So when we are formed and shaped by an environment which has ignored God, then we are not shaped by in the ways God offers us. Jesus offers us an environment where we can be dipped in the ways of God, and shaped by the ways of God.

So, as I said, Jesus heals us by placing us, dipping us, in an environment which is different— holy. He dips us in holy spirit, not unclean spirit.  The healing of Andrew and Simon, and James and John, begins when they leave their nets and follow Jesus. He immerses them in a different environment; they begin to be formed and shaped by a different wax, if you like.

That's why it's so important to follow him. If we don't follow him, if we don’t copy him, then we can't be reformed by him. We might say all the right words in church, but until we actually copy him, we don't get dipped in a new way of living. We just stay immersed in our old ways of being.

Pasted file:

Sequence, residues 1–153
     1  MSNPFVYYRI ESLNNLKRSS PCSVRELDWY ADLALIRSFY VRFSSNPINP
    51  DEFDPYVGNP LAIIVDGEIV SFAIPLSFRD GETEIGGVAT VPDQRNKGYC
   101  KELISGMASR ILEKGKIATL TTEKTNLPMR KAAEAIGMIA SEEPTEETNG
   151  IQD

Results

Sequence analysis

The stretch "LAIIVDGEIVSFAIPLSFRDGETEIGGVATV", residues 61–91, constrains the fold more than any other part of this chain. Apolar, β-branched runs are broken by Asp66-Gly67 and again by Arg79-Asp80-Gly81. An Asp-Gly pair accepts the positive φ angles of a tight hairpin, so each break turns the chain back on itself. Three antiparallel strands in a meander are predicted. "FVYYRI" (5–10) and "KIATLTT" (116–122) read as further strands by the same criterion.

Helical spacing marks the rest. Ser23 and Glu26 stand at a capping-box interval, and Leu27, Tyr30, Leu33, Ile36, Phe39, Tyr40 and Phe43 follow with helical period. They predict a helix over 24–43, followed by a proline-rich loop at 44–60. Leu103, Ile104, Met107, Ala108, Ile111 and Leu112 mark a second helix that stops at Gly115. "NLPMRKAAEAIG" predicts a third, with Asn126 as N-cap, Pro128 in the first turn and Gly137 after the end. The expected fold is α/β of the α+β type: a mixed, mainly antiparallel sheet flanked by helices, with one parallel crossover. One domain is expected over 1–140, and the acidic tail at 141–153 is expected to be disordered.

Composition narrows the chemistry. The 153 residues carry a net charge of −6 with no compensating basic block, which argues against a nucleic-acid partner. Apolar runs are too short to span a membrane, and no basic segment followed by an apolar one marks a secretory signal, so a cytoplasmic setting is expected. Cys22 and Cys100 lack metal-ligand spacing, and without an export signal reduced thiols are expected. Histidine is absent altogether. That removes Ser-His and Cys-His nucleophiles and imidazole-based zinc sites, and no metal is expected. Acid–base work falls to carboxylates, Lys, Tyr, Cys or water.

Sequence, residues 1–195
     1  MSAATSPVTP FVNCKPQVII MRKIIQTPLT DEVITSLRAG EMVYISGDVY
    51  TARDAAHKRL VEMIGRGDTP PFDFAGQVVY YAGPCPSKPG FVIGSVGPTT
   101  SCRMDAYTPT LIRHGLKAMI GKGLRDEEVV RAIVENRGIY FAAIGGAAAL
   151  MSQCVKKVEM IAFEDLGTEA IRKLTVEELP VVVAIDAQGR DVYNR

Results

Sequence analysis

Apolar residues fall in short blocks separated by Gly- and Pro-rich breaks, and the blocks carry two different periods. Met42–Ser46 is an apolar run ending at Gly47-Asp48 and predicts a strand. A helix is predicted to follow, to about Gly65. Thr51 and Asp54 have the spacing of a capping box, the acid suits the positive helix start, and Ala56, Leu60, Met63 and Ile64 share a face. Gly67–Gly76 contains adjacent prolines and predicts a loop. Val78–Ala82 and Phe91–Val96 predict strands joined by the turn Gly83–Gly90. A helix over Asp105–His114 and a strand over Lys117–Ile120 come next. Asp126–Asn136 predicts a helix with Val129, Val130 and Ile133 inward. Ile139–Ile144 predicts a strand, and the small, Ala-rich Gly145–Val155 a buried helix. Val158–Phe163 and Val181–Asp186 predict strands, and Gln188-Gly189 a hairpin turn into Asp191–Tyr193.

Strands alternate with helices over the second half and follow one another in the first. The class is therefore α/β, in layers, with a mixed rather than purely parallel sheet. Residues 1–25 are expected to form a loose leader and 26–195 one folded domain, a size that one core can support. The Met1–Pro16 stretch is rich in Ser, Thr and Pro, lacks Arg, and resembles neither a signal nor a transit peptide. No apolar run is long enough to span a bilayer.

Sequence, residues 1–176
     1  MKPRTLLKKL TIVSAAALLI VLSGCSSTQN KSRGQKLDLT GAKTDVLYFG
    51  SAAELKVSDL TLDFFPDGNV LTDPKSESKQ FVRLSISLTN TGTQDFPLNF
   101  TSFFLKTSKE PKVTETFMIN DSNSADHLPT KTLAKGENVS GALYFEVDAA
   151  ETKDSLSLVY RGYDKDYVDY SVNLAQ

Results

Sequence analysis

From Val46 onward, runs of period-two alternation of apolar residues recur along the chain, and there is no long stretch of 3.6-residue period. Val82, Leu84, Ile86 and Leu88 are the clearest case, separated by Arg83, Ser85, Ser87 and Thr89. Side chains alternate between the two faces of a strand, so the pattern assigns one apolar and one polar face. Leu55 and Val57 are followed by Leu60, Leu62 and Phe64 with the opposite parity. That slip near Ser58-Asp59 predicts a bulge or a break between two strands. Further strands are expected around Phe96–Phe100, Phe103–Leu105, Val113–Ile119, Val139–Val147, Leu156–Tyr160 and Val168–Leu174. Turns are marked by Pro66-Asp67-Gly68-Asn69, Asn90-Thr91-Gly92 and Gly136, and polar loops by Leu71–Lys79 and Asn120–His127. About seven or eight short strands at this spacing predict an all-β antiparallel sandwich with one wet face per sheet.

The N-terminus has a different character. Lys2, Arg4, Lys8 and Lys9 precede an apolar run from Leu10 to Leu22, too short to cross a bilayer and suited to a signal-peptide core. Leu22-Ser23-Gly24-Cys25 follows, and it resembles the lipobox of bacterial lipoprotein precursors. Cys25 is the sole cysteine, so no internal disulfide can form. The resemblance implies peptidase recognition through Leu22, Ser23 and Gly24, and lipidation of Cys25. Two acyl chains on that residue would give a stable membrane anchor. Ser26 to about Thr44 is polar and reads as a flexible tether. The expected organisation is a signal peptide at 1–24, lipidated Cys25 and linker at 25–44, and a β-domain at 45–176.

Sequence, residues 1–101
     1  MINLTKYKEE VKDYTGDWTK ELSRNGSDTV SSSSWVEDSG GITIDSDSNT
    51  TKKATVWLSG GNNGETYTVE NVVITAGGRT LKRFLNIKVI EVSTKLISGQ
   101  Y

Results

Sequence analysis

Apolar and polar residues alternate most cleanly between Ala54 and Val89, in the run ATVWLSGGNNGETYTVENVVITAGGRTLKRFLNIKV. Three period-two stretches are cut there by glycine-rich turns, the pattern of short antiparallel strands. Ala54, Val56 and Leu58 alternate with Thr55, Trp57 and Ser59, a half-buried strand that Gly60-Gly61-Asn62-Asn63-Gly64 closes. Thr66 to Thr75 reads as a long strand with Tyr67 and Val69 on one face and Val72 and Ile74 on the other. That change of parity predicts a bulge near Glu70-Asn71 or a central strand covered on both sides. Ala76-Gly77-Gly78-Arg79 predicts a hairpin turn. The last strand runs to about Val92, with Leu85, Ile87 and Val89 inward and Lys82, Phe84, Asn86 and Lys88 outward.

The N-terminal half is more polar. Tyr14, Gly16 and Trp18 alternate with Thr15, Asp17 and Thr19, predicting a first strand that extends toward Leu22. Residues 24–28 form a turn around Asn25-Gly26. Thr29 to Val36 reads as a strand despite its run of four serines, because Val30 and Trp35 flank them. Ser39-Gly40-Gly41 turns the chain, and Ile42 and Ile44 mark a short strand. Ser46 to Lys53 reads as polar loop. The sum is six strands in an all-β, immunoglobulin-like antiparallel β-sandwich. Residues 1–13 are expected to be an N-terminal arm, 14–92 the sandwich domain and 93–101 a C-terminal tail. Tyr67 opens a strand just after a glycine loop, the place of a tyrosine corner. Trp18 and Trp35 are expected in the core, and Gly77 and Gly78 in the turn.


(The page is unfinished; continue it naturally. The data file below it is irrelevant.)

But, you might say, Jesus heals the man with a word! It's immediate! It's not just about copying; there is something else going on here.

Well, we still see that healing with a word. The preacher, or someone else, says something, and it's like a key is turned in a lock. We get a whole new insight into life— "Wow!" we say. It's as though we have a new freedom, a new way to see the world. But, in my experience, anyway, ONLY IF WE ACT UPON IT!

How often do we think, "How wonderful…" and then forget the whole thing? Do you remember the parable Jesus told about a person's life being cleaned out?

Matthew 12:43 ‘When the unclean spirit has gone out of a person, it wanders through waterless regions looking for a resting-place, but it finds none. 44Then it says, “I will return to my house from which I came.” When it comes, it finds it empty, swept, and put in order. 45Then it goes and brings along seven other spirits more evil than itself, and they enter and live there; and the last state of that person is worse than the first.

We are formed by what we follow, and if we will not follow him, we will not be freed, no matter what words of power he has said to us!

Now I want to conclude with two pastoral comments.